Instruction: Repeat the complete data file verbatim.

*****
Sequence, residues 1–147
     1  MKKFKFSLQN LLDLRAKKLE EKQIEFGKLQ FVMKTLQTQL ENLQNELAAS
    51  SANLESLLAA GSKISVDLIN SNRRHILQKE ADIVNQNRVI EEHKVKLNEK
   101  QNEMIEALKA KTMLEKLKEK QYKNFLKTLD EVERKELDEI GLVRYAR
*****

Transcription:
Sequence, residues 1–147
     1  MKKFKFSLQN LLDLRAKKLE EKQIEFGKLQ FVMKTLQTQL ENLQNELAAS
    51  SANLESLLAA GSKISVDLIN SNRRHILQKE ADIVNQNRVI EEHKVKLNEK
   101  QNEMIEALKA KTMLEKLKEK QYKNFLKTLD EVERKELDEI GLVRYAR